There are 3 item(s) tagged with the keyword "Retention".
By Cathy Maulsby, PhD, MPH & Kriti M. Jain, MSPH | February 1, 2016
Assistant Scientist & Doctoral Student, Johns Hopkins Bloomberg School of Public Health
We’ve traveled a great distance in the fight against HIV since it first appeared in the 1980s. After decades of activism, research, and the development of effective medications, HIV is a manageable chronic disease for many. In fact, in the U.S., the average life expectancy for people living with HIV (PLWH) is inching towards that of all Americans. However, we still have much further to go to end HIV.
Today, around 1.2 million people in the U.S. are living with HIV, and certain populations (such as gay, bisexual and other men who have sex with men, Black women and men, Latino men and women, people who inject drugs, youth aged 13 to 24, and transgender women) are disproportionately affected by the disease. Out of the 1.2 million PLWH in the country, too many lack access to ART—the lifesaving medications that reduce HIV transmission by lowering the level of virus in the blood (viral suppression).
By Eloy Ortiz, MURP, & Yethzéll Díaz | August 25, 2015
Research Associate & Research Assistant, ETR
Math Pathways is a longitudinal study that aims to understand how relationships influence Latino students’ mathematics beliefs and achievement during the critical transition from elementary to middle school. Our goal was to recruit and survey 300 mother-child pairs from a rural, predominantly Latino farming community at four different time points over 18 months. Over the process of designing, implementing and refining our recruitment and retention efforts, we have established best-practice standards that have contributed substantially to our retention success.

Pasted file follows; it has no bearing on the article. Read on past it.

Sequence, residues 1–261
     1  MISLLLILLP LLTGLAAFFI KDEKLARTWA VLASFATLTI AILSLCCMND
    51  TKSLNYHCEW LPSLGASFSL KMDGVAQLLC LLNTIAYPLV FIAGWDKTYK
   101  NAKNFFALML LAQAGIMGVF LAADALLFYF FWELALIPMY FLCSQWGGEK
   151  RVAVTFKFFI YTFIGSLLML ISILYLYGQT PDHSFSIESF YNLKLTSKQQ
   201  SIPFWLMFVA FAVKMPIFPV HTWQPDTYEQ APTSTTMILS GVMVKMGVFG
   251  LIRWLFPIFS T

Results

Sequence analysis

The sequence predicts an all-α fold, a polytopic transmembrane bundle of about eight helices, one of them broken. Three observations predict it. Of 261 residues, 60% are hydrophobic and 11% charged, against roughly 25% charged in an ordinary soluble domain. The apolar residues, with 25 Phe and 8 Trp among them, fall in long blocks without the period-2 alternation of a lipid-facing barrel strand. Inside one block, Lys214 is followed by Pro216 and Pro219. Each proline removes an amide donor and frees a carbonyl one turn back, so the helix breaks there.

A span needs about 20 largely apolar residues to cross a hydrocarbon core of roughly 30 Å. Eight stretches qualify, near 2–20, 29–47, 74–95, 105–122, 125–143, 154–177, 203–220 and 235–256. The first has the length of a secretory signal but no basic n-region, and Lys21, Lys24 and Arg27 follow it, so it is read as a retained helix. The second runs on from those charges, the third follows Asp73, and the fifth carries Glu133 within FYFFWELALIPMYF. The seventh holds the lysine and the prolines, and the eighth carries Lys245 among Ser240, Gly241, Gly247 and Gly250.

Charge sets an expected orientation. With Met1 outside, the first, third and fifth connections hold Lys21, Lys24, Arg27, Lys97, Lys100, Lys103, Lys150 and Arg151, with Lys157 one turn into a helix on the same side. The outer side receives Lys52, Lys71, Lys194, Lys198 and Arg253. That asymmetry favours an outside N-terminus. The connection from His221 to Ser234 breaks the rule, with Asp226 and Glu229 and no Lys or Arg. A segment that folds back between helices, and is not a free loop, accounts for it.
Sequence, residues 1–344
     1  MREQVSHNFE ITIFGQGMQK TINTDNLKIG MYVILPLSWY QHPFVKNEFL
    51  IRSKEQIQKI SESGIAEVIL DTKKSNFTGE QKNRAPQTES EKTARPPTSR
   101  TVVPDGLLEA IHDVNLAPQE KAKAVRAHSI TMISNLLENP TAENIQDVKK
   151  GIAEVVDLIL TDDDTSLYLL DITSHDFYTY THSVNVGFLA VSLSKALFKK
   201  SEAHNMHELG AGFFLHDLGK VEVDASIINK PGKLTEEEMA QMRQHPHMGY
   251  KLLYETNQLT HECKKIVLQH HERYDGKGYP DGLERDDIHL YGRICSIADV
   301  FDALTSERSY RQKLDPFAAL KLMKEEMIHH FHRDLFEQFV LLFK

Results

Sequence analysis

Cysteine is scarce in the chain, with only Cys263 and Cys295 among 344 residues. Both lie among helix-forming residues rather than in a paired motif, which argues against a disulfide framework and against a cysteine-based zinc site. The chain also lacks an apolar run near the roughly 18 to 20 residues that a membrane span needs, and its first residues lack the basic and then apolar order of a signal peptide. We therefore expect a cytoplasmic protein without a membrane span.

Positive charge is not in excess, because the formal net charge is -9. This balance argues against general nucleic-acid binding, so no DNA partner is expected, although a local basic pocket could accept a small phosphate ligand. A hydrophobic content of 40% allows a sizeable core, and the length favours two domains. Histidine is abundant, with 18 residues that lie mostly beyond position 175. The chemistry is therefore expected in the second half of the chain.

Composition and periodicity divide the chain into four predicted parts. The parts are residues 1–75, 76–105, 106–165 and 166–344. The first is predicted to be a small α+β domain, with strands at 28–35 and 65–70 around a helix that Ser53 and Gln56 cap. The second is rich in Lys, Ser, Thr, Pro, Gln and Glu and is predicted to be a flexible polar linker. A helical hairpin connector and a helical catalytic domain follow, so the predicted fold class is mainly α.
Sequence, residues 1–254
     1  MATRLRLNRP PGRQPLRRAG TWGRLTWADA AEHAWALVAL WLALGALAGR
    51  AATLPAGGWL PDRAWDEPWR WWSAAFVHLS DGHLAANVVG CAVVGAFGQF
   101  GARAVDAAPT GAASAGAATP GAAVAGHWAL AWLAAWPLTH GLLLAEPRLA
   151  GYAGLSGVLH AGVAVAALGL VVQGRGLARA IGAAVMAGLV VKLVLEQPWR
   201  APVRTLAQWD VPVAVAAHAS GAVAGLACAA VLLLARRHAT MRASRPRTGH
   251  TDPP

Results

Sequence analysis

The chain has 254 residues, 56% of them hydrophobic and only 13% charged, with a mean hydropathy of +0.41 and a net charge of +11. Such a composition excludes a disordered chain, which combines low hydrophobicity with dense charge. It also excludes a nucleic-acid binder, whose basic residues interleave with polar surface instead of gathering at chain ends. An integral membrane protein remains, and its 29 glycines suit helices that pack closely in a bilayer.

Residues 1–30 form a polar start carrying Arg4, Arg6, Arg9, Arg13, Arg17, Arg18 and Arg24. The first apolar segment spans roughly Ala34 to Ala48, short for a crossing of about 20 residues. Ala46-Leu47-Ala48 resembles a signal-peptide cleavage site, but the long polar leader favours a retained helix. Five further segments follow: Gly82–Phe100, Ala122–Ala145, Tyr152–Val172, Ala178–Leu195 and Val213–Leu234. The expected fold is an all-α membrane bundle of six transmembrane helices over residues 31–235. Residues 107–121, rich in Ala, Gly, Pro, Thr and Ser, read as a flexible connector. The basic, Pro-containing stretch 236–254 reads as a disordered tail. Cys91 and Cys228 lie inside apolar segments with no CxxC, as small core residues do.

Gathering the data for this research study has involved three major efforts: recruitment, scheduling and data collection. Here, we highlight a few of the practices that have stood out during the implementation of the project.
By BA Laris, MPH | March 12, 2015
Research Associate, ETR
In recent years, there has been a major shift in the way we approach HIV treatment and prevention. Research has shown (for example, see Gardner’s 2011 report here; and the AIDS.gov background here) that we will have our greatest impact when we focus on two major steps.
These are deceptively simple prescriptions. But if you work in HIV care and treatment settings, you know there are a myriad of physical, social and emotional issues that can make it difficult for people to stay engaged in continuous treatment. This challenge is one that our Community Impact Solutions team addresses in our work providing capacity building for community-based organizations. We develop strategies and deliver coaching and support to strengthen HIV programs. Our approaches are both research proven and real-world practical.
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